First, an update. Mid-way through the class. Keeps me busy from dawn to dark every day. And I’m taking advantage of the libraries while I’m here. I have hundreds of emails to catch up on. This encyclical is providing plenty to do. And isn’t the Supreme Court about to release some rather momentous decisions?
I’ve been on several radio shows so far, from Fr Johnathan Morris’s on Sirius XM’s The Catholic Channel, to Frank Beckman’s show on WJR in my hometown. This morning I’ll be on Ross Kaminsky’s NewsRadio 850 KOA (Denver) at 9:20 AM. And next week I’m already scheduled to be on three more. When I recall when, I’ll post the times.
What’s missing from Western Society is a discussion of the Big Questions. Even asking them is deemed a triggering microaggression. Occasionally, however, queries slip past the goalie, but regardless of their structure or content, the answer is always “Victims” or “The Poor” and “The State”.
Well, who can be against Victims (a group which encompassed pretty much everybody, with well known exceptions) and The Poor? And who but the State can heal their wounds and provide their needs?
Politicians are delirious over the encyclical because it says, or it is being read to say, that their services are in ever-greater demand. That they should accumulate more power and more control over the lives citizens so that Victims and The Poor find succor.
It has already begun. Here’s Damon Linker at The Week saying Catholics can no longer be good Catholics and good Republicans (the party of slightly smaller but still increasing government). So, in the States, what alternative have they? To be Democrats? The party viciously hateful of everything Catholicism stands for except, perhaps, its environmentalism?
But very well. Let us all become Democrats or Socialists or whatever. Let Victims be soothed and enrich The Poor and let the State grow without bound. Then what? What purpose this beneficence?
What is life all about? To provide temporary comforts? If everybody (except for our necessary leaders) is made equally poor, to what end?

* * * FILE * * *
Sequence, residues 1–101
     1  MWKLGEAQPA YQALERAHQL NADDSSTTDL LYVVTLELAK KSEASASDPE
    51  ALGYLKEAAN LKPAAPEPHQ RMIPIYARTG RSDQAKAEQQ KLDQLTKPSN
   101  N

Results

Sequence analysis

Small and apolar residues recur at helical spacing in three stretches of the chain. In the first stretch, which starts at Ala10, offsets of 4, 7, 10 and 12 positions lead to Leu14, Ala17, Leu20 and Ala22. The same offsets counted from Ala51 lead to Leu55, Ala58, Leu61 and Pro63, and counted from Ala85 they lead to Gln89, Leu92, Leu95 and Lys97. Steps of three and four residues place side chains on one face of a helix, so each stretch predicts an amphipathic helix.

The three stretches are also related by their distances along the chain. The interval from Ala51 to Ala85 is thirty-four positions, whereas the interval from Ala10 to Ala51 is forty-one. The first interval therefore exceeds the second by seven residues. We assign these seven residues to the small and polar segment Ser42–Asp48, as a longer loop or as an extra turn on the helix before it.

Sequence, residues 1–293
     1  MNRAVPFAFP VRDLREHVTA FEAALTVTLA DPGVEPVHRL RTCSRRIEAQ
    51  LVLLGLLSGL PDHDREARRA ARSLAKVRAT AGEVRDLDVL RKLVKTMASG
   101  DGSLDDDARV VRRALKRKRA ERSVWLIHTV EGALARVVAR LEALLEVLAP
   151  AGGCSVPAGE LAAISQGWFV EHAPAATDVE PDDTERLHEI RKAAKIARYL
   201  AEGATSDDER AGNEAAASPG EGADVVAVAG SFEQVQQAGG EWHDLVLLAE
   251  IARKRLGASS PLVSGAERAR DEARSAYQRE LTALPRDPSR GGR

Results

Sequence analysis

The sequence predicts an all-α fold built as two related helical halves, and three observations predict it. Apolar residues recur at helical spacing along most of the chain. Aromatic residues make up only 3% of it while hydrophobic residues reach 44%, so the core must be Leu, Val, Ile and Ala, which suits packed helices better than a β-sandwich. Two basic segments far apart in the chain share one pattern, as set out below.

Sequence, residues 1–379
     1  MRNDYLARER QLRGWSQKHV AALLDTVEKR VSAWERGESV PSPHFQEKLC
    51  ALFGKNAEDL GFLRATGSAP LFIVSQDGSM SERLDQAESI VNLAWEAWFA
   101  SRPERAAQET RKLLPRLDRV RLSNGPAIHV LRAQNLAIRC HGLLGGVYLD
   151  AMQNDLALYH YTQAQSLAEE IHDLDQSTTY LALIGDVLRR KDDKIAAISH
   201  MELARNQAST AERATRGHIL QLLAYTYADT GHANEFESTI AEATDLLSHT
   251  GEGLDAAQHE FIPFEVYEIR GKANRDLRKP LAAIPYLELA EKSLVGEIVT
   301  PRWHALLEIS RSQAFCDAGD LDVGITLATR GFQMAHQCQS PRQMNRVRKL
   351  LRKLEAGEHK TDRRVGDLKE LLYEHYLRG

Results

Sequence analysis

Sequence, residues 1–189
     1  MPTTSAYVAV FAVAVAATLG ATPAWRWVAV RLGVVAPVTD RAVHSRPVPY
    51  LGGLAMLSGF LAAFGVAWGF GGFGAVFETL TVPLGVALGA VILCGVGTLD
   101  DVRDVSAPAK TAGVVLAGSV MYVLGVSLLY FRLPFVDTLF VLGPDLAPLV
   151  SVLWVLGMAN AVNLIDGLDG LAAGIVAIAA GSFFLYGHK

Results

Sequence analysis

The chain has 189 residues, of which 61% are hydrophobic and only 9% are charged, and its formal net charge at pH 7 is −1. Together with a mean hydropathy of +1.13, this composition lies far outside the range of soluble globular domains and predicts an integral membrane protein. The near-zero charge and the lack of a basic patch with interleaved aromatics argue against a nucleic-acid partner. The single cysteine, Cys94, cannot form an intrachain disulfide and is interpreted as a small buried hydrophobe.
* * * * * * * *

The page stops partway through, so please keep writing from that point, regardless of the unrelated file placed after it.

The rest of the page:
Pope Francis, doubtless in a hurry, or perhaps thinking his audience already knew these things, forgot to quote the catechism (emphasis mine).
1883 Socialization also presents dangers. Excessive intervention by the state can threaten personal freedom and initiative. The teaching of the Church has elaborated the principle of subsidiarity, according to which “a community of a higher order should not interfere in the internal life of a community of a lower order, depriving the latter of its functions, but rather should support it in case of need and help to co-ordinate its activity with the activities of the rest of society, always with a view to the common good.”
1894 In accordance with the principle of subsidiarity, neither the state nor any larger society should substitute itself for the initiative and responsibility of individuals and intermediary bodies.
1895 The principle of subsidiarity is opposed to all forms of collectivism. It sets limits for state intervention. It aims at harmonizing the relationships between individuals and societies. It tends toward the establishment of true international order.
2209 The family must be helped and defended by appropriate social measures. Where families cannot fulfill their responsibilities, other social bodies have the duty of helping them and of supporting the institution of the family. Following the principle of subsidiarity, larger communities should take care not to usurp the family’s prerogatives or interfere in its life. (1883)
Sin is mentioned twice in the encyclical: (8) (quoting another author) “to commit a crime against the natural world is a sin against ourselves and a sin against God”; (66) “This [harmonious relationship between human beings and nature] is a far cry from our situation today, where sin is manifest in all its destructive power in wars, the various forms of violence and abuse, the abandonment of the most vulnerable, and attacks on nature.”
Salvation four times: (79) “This [applying our intelligence towards things evolving positively] is what makes for the excitement and drama of human history, in which freedom, growth, salvation and love can blossom, or lead towards decadence and mutual destruction”; (112) “Or indeed when the desire to create and contemplate beauty manages to overcome reductionism through a kind of salvation which occurs in beauty and in those who behold it”; (149) “This experience of a communitarian salvation often generates creative ideas for the improvement of a building or a neighbourhood”.
It’s not clear how “communitarian” differs from a form of collectivism, of which all forms are opposed. And all of the “salvations” appear to be the kind of earthly “salvation” commonly found in Heaven-on-earth interpretations of scripture.
The one exception is (235) where Pope Francis exhorts all environmentalists (presumably even Democrats) to look to the Eucharist, which the Holy Father accepts as being the real presence, i.e. the actual body of Our Lord. St John Paul II is quoted:
“Christianity does not reject matter. Rather, bodiliness is considered in all its value in the liturgical act, whereby the human body is disclosed in its inner nature as a temple of the Holy Spirit and is united with the Lord Jesus, who himself took a body for the world’s salvation.”
It’s not likely this passage will be quoted often.